94 Fremont Place
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Esteemed architect Arthur C. Munson received a commission for a 12-room house at 94 Fremont Place from Warren B. Bovard, the vice-president of U.S.C., in 1927. On January 20, 1928, Bovard, whose uncle was an organizer of and the first president of the university, and whose father was also head of the school for many years, was issued a permit by the Department of Buildings to begin construction of #94 on the northerly portion of Lot 96. Born on the Fourth of July 1885, Bovard had had an interesting career at the "family firm," his devotion earning him an excellent reputation in academic circles. Socially he was long assumed destined to be a lifelong bachelor, if not necessarily one of the "confirmed" variety. It was thus a surprise when at 37 he married Berdine Jackman, a coed about to be graduated from U.S.C., in 1923. While a large house might have been appropriate for entertaining on behalf of the university, 12 rooms seems to have been a lot for a couple seeming to be in no rush to have children.
|Warren and Berdine Bovard were seen in undated photographs in the Los Angeles Times on|
December 19, 1930, with one of #94, seen at top. Its façade appears unchanged today.
As it turned out, all was not copacetic at #94. It seems that, as the Times would later report, Mrs. Bovard had walked out of the house in early November 1930 due to "marital infelicity"; within days, the paper went on to explain, a close male friend some years Bovard's junior—and naturally, a U.S.C. graduate—had moved into the house, where he and Bovard lived with a Chinese houseboy. This arrangement was short lived; Bovard shot himself in the head on December 18. The story turned slightly noirish if not more deeply purple when there was found a note left behind by Bovard reading "Goodbye Bleanie"—apparently his pet name for Berdine—"am going to look for Ned." The name "Ned" was apparently a reference to Edward Doheny Jr., the son of the famous oil man involved in the Teapot Dome scandal, who had been killed in his newly built in Beverly Hills house called "Greystone" on February 16, 1929. In an tale told often and with many shadings, Doheny was killed by his male secretary, who then turned the gun on himself. In the same Times coverage referred to above, which appeared the day after Bovard's death, Doheny is described as having been a "dear friend."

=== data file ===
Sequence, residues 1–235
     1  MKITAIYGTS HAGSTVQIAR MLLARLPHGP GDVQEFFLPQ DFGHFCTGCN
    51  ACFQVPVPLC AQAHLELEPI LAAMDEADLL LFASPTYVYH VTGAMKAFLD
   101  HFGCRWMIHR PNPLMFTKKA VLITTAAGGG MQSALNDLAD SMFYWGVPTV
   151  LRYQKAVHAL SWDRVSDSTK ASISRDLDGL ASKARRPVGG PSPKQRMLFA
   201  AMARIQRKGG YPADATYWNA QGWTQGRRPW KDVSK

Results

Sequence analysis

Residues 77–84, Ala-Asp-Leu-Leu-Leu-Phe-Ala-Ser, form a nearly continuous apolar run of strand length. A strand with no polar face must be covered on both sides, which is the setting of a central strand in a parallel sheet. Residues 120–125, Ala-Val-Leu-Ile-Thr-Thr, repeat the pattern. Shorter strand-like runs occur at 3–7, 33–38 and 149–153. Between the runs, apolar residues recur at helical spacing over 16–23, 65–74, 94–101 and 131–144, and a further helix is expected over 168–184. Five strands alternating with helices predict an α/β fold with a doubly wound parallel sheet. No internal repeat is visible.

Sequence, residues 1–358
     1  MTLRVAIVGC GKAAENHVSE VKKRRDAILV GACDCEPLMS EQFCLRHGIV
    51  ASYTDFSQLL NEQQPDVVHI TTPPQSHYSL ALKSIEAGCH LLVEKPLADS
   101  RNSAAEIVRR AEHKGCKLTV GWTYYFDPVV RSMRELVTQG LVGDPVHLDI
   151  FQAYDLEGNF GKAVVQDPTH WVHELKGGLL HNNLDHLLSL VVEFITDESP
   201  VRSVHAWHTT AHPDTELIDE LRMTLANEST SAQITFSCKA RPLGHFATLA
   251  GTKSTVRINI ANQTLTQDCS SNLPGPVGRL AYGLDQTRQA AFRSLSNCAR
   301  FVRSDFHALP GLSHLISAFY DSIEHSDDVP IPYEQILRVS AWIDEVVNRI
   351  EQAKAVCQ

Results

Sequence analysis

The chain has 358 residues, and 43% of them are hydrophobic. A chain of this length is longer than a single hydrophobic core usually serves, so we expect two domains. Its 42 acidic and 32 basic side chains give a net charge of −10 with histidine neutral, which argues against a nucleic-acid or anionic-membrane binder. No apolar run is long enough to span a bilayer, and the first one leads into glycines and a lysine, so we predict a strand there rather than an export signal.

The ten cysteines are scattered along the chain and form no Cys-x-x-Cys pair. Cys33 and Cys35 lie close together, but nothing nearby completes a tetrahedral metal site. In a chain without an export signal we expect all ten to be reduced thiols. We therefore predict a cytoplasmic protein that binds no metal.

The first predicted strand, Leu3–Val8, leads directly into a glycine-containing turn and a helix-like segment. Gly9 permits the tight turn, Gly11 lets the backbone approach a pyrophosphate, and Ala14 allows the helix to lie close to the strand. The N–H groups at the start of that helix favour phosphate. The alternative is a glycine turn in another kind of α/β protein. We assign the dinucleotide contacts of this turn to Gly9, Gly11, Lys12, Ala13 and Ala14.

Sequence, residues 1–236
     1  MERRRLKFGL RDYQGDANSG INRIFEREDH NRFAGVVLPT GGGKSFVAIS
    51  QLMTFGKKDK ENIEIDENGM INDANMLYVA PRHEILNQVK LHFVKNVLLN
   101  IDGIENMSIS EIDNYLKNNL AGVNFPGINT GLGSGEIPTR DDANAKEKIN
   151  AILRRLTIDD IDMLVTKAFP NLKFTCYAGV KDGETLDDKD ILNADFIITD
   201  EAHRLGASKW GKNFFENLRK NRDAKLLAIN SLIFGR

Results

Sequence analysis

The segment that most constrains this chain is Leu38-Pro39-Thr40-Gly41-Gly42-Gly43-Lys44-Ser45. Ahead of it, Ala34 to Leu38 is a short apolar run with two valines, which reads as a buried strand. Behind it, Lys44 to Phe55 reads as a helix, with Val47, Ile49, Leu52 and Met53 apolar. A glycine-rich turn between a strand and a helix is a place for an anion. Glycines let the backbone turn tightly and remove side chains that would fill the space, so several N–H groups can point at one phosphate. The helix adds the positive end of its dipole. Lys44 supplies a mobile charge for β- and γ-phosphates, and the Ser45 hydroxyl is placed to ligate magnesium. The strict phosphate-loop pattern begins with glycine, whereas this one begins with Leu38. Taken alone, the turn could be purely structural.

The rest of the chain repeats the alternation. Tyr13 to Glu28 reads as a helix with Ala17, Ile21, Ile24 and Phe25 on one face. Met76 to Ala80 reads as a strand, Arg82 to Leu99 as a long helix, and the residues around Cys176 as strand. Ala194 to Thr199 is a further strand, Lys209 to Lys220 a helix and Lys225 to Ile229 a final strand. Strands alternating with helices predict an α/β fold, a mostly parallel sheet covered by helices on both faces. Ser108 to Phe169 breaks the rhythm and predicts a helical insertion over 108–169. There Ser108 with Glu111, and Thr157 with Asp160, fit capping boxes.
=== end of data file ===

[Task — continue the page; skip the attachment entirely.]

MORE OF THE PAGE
Ten years later, Mrs. Bovard was still living at 94 Fremont Place. Her mother Mattie Jackman was also in residence, as she had been during periods of her daughter's marriage.
Illustrations: LAT; Bing Maps